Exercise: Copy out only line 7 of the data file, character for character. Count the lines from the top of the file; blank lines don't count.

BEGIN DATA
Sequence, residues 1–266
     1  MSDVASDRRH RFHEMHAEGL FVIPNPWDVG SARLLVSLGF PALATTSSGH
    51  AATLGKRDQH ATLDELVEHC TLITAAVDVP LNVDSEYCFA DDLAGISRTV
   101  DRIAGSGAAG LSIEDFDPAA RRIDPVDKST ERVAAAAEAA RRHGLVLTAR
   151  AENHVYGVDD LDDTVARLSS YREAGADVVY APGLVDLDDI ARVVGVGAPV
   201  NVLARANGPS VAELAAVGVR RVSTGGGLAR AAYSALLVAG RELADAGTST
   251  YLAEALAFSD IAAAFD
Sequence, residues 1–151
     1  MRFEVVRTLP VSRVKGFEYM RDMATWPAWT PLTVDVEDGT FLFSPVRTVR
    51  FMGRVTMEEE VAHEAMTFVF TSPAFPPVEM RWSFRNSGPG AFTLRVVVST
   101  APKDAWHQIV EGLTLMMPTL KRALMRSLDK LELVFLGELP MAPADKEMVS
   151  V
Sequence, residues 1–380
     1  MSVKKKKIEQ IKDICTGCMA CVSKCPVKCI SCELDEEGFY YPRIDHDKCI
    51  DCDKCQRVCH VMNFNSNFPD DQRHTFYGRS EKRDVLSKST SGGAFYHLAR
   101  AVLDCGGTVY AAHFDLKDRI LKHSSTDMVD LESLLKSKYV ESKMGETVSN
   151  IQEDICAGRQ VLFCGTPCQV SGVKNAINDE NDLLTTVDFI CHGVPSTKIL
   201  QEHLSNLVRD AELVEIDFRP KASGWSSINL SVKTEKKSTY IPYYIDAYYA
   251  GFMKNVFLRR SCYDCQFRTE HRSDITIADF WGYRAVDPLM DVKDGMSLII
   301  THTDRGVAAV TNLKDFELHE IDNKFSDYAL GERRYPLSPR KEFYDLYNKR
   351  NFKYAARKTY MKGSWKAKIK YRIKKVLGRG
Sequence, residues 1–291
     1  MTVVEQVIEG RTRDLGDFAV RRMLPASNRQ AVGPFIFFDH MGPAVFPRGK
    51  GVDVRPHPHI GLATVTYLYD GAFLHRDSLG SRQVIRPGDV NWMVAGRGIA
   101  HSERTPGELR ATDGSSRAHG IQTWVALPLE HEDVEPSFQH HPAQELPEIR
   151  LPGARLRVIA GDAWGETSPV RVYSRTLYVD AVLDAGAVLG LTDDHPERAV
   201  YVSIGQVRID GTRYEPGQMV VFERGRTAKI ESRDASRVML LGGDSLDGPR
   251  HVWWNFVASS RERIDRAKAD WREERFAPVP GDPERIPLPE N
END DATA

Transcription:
   251  YLAEALAFSD IAAAFD